Do not worry about anything, but in everything by prayer and supplication with thanksgiving let your requests be made known to God. And the peace of God, which surpasses all understanding, will guard your hearts and your minds in Christ Jesus.

Finally, beloved, whatever is true, whatever is honorable, whatever is just, whatever is pure, whatever is pleasing, whatever is commendable, if there is any excellence and if there is anything worthy of praise, think about these things.

Keep on doing the things that you have learned and received ... and the God of peace will be with you.

Phil 4.19-20

And my God will fully satisfy every need of yours according to his riches in glory in Christ Jesus. To our God and Father be glory for ever and ever. Amen.

The Transfiguration, Exodus 34:29-35 , Psalm 99 , 2 Peter 1:13-21 , Luke 9:28-36 , transitions, Phil 2:1-4, Phil 4:4-9, JRL+

Sources and resources include: Greg Rhodes, Massey Shepherd, John Forman, Susanne Kromberg, Paul Mitchell,  Tom Wright, Herbert O'Driscoll, Rob Voyle, ...

Tuesday, July 30, 2013

A note from the Rector

It has been my joy to serve as pastor, priest, and teacher for Saint Alban’s Church since the first of Advent 2007. During that time together I have presided at worship and vestry meetings, preached and taught, visited people at home and in hospitals, and conducted baptisms, weddings, and funerals.

We have shared together times of sorrow and times of joy. After next Sunday someone else will take up these duties, and I will return this fall to full-time academic work, to finish up my doctoral studies.

My wife Sarah and I have been blessed by our time with this congregation and will always remember our ministry among you with affection and gratitude.

Blessings to all in Christ Jesus and may you continue to journey into a future with hope.

Father John

Saturday, July 20, 2013

baked beans

I checked with my mother about this story. 

One time early in their marriage my mother wanted to prepare a fancy meal for my father, but the pot roast got burned in the oven. 

He told her, “Honey, I’d just as soon have baked beans.” 

He only needed one thing – which was, I think, her company.

But, she said, he really did like baked beans.

Jesus says to Martha you only need one thing. Sounds like one dish, maybe. No need for a fancy meal. Let’s just be together. 

But he goes on to say: Mary has chosen the good portion, and for that reason it will not be taken away from her.

Attending to the guest is the heart of hospitality. It is the best part of being a host.

And that is the part that Mary has chosen. She will listen to what the Lord is saying.

What is going on here? She is feasting on the Word – the host for that feast is Jesus.

We become what we are called to become as we attend to what the Lord is saying, and allow our actions to come out of that centering place, that Word.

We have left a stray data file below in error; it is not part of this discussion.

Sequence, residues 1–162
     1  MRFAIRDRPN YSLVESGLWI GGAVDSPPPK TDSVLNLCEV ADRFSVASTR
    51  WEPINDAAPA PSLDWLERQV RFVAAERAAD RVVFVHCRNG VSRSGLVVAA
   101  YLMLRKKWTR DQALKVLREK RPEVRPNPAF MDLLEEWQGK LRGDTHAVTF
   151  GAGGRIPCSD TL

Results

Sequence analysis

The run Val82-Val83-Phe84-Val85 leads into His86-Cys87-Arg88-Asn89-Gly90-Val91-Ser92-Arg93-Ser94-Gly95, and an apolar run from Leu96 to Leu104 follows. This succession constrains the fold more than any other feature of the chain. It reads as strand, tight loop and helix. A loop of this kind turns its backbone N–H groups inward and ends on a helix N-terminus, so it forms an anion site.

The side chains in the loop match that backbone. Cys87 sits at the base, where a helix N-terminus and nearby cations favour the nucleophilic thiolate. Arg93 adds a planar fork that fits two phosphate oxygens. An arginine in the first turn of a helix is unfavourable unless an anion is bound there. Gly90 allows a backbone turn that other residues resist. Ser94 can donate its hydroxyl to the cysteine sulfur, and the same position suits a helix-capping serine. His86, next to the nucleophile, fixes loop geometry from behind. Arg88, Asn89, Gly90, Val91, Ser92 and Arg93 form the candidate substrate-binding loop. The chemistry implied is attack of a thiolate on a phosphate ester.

“Organizations journey toward their image of the future” (David Cooperrider). For the church our image of the future must first and last be an image of Christ, of the fulfillment of his word in the world. 

That fulfillment is his prophetic kingdom come to be.

2013 July 21
Ninth Sunday after Pentecost

Saturday, July 6, 2013

“Rejoice that your names are written in heaven.”

Looking up from the New Town in Edinburgh toward the Castle atop the Royal Mile, I could hear a bagpiper in the gloaming. When I took the tour of the Castle the next day, I saw Saint Margaret’s Chapel, commemorating her returning Scotland to the strong roots of its faith in the 11th century.

I saw something more recent too: a large building, one of the most prominent on the top of the hill – a sort of mausoleum or temple, a sacred space of some sort.

It was a war memorial, a remembrance place, dedicated to honoring those sons of Scotland who had given their lives in the First World War.

All around me, when I went inside, were books, large books, inscribed with the names of the fallen. There were men attending who explained the index.

 In those books somewhere in large letters you could find the name of one person in particular. If you stepped back you could see them all – names written in the books of honor.

We don’t know about each particular person, how they lived or how they died. They died not knowing if their cause would succeed. We do know that they served. And their names were written in the books of honor.

What we encounter repeatedly in the Bible is the image of a book in which names are written: the book of the covenant, the book of life.

In this Gospel’s telling today, it is the book of those who went forth to love and serve the Lord, by proclaiming and living the Word, so that they could say, to those they passed, receptive or inhospitable, that the Kingdom of Heaven has come near.

That is what matters – to serve. Faithfulness, yes, even in unfaithfulness to repent and return to serve.

Now how did Jesus send them out? What tasks did he set before them? He sent them to prepare the way – by bringing healing and good news to places he himself purposed to go. They were in that sense sent on in advance.

Go — go urgently — without staff or spare sandals or knapsack for provisions. Go – even into a foreign land, Samaria. Go – depending on the people who receive you.

Go – depending even more profoundly on the Word of God, on the message I send with you.

That becomes your family, that becomes your identity, and that becomes your home: the message of the Kingdom of God that you carry with you.

This utter trust in the Word of God can be demonstrated in small and simple ways – remember now Naaman the Aramean, the great general of Syria, sent by his king for healing.

This adventure began when someone listened to a small voice – the voice of a slave girl, a captive from Israel, serving Naaman’s wife. “If only he could see the prophet in Samaria,” she said, “he could be healed.”

Her mistress listened to this voice of a little one – one easily dismissed as of no power or influence, a slave after all and merely a child – but she listened and the great and mighty were changed.